It’s amazing how travel changes one’s sense of time so thoroughly. I left the US last Wednesday, and it feels both like yesterday and an eternity ago.
After leaving Washington DC, I flew to Addis Ababa, Ethiopia courtesy of Ethiopian Air. The flight was actually quite enjoyable because the second half included flying over the Sahara and the Nile, neither of which I’d ever seen. Ethiopian Air is quite good to its customers—if you arrive in Addis in the evening and have a morning connection, they will put you up in a nice hotel for the night and feed you an impressive dinner and breakfast. So I spent Thursday night in Addis, and left for Kigali, via Entebbe on Friday morning.
Arriving in Kigali, with all twenty passengers aboard a commercial plane, was thrilling. The view from above Uganda and Rwanda is breathtaking—endless lakes, green sprawling hills, and most distinctively, the red coloring of the earth. People often say that the dirt in Rwanda is red with all the blood spilled during the genocide. I prefer to see it as yet another testament to the awe-inspiring richness of the earth in Africa. We landed at Kigali International Airport, and I was momentarily confused when I recognized the tarmac when we disembarked. In 1994 (or ’95?) President Clinton flew to Kigali to apologize for the inaction of the US despite the incontrovertible evidence of genocide. His apology was not as well received as he intended, however, because he never left the tarmac and departed the country within hours. If you watch clips of his apology, you’ll see the airport.
I was met at the airport by the accountant for AGLI, and taken to the guesthouse of the Friends Peace House, where I am living. The Friends Peace House (more information on them and what they do in another post), the guesthouse, a school, and the Friends Church are all on one compound in the Kicukiro district of Kigali. I am currently the only guest of the guesthouse, which is a little lonely, but a young girl my age, Francine, works there and manages the guesthouse.
My room has a bed and electricity, and I have my own bathroom, but no running water. I took my first bucket shower yesterday, and don’t feel as daunted by learning a new system of hygiene. Francine speaks French and is patient with me as I bumble along trying to regain what has become so rusty since my time abroad in Paris two years ago. She cooks the food for the guesthouse, and I’ve enjoyed all the fresh fruit. Yesterday we ate roasted maize (corn), which brought back sentimental memories of living in Zimbabwe when I was little. Both Friday and Saturday it poured, and Friday I saw one of the more impressive lightening shows of my life. There is also a lizard named Lizzie who lives in my room…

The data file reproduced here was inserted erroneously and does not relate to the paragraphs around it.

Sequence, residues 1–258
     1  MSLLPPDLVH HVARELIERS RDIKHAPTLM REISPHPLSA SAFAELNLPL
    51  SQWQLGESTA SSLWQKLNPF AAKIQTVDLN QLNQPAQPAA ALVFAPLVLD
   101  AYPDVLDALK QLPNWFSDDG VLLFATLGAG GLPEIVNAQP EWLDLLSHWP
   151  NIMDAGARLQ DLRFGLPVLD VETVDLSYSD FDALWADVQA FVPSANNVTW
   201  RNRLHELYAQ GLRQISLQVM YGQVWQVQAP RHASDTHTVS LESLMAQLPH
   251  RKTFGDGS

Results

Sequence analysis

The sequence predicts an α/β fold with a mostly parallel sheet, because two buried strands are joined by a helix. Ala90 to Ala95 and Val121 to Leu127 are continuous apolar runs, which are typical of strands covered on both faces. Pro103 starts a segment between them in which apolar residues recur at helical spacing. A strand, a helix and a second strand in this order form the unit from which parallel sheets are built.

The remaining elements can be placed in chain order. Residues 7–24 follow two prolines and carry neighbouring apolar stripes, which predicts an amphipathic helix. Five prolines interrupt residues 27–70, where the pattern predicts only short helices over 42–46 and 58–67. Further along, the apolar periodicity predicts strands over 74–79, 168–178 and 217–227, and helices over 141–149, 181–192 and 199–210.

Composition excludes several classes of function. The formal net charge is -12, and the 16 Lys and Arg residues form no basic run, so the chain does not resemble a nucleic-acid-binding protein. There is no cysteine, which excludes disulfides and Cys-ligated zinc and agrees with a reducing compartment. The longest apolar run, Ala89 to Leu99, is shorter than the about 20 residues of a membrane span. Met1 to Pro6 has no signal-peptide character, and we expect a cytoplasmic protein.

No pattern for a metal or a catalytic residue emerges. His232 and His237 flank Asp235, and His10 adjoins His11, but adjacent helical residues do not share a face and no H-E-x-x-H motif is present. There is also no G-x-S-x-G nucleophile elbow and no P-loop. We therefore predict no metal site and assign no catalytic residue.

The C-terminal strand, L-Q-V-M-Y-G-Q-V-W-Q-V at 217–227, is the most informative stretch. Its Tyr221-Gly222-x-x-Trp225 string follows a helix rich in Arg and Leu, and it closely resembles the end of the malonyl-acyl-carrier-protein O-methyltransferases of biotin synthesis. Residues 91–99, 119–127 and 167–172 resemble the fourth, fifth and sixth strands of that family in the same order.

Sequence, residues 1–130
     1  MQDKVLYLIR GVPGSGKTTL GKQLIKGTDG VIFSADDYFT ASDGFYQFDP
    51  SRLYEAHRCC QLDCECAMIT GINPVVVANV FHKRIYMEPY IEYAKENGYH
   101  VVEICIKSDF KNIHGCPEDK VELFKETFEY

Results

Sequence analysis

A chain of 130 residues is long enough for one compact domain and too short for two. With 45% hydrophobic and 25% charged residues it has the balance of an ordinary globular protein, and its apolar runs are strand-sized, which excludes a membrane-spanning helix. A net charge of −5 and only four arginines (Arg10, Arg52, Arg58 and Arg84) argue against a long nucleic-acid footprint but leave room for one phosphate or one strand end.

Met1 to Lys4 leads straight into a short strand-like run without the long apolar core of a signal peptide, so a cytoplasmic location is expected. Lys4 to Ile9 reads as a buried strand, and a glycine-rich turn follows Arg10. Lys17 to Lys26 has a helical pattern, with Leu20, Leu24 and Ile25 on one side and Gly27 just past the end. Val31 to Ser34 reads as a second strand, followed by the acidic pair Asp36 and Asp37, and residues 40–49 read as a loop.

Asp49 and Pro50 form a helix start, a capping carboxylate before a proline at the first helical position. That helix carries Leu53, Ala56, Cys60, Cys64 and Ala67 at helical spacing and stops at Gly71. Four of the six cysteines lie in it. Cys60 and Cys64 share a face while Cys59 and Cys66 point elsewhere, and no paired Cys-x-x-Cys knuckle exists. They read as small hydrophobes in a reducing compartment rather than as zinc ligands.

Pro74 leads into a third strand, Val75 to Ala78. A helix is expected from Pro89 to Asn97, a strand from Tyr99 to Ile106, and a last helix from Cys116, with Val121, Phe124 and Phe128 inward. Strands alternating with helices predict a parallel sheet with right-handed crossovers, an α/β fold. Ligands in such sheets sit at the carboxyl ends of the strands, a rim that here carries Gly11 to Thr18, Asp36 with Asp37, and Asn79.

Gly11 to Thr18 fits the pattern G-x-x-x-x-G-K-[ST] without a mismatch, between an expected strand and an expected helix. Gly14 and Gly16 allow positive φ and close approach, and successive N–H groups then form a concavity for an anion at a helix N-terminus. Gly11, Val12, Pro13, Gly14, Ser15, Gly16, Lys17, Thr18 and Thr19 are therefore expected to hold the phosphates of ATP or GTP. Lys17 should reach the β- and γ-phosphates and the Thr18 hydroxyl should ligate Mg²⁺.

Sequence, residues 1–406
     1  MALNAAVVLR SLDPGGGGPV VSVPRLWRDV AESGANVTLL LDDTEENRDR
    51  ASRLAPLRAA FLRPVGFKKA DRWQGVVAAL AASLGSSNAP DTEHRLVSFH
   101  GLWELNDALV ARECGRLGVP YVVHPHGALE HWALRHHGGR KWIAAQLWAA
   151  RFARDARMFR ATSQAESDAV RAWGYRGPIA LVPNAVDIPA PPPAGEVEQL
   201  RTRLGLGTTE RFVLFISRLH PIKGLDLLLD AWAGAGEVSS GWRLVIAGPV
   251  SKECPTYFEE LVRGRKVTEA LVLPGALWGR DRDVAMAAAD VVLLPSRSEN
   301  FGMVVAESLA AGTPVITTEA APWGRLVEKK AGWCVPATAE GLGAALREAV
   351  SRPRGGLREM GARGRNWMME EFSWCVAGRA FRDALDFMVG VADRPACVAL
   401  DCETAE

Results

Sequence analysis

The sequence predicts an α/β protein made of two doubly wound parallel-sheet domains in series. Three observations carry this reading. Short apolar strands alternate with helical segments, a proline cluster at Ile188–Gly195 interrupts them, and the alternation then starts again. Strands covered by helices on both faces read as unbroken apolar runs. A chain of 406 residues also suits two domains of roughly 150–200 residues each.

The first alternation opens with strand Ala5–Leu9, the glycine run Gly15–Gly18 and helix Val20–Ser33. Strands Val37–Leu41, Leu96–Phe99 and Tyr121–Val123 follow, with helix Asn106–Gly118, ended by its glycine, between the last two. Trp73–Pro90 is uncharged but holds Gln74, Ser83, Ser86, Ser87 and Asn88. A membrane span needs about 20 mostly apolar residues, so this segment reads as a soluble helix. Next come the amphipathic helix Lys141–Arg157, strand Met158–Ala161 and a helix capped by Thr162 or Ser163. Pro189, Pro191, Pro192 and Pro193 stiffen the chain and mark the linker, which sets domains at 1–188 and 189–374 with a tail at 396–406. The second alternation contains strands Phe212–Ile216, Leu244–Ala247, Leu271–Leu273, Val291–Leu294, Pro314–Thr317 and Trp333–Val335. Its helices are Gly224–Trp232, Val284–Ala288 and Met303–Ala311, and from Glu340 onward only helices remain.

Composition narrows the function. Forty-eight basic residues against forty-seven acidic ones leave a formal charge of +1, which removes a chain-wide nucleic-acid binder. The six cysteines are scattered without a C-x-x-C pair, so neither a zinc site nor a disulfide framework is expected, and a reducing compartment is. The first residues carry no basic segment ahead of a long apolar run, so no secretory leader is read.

Saturday Francine took me around town, showing me where to catch the minibus-taxis from Kicukiro into the center of Kigali. We also went to the section of town with all the government offices and ministries, and finally her family’s neighborhood, Gikondo. It was really good to start getting a feel for the area, but also really overwhelming. This is my first time in Africa since I was three that is not Cape Town. I have never been pointed at or greeted by being called umuzunge, the Kinyarwanda equivalent of wazungu, which in Swahili means ‘white person.’ One young boy in Gikondo walked next to me, singing American pop songs in Kinyarwanda with frequent “I love you’s” thrown in. When I told him in French that he was an excellent singer but I had no money for him, he told me quite adamantly that because I was an umuzunge, I must have money for him. I did expect a confrontation of my own privilege while here, but I wasn’t quite ready for the amount of attention I draw just walking down the street. I’m hoping I get used to it, but for now, I’m missing the ability to fade into the crowd.
I think with another couple trips into and around town, and once I start work with AGLI on Monday, I will start settling in more comfortably. I am still in that beginning phase of travel, where I feel pretty far out of my comfort zone and a little intimidated by how much time I have ahead of me and how little I know yet. I don’t expect to feel completely at home nor competent in my brief stay here, but hopefully a little more at ease. I think there’s no way that’s not possible, so I’m glad to have set such an achievable goal!
This morning I went to the Friends Church in Kicukiro, which is a world apart from a Friends Meeting. I think it could be best described as a four hour dance party, with the most beautiful singing in the entire world. There was more joy in that church this morning than I’ve seen in a long time.
Now that I’ve found the internet cafe down the road, I’ll be able to update fairly frequently and hopefully with photos sometime. I would love to hear from any of you. Till next time!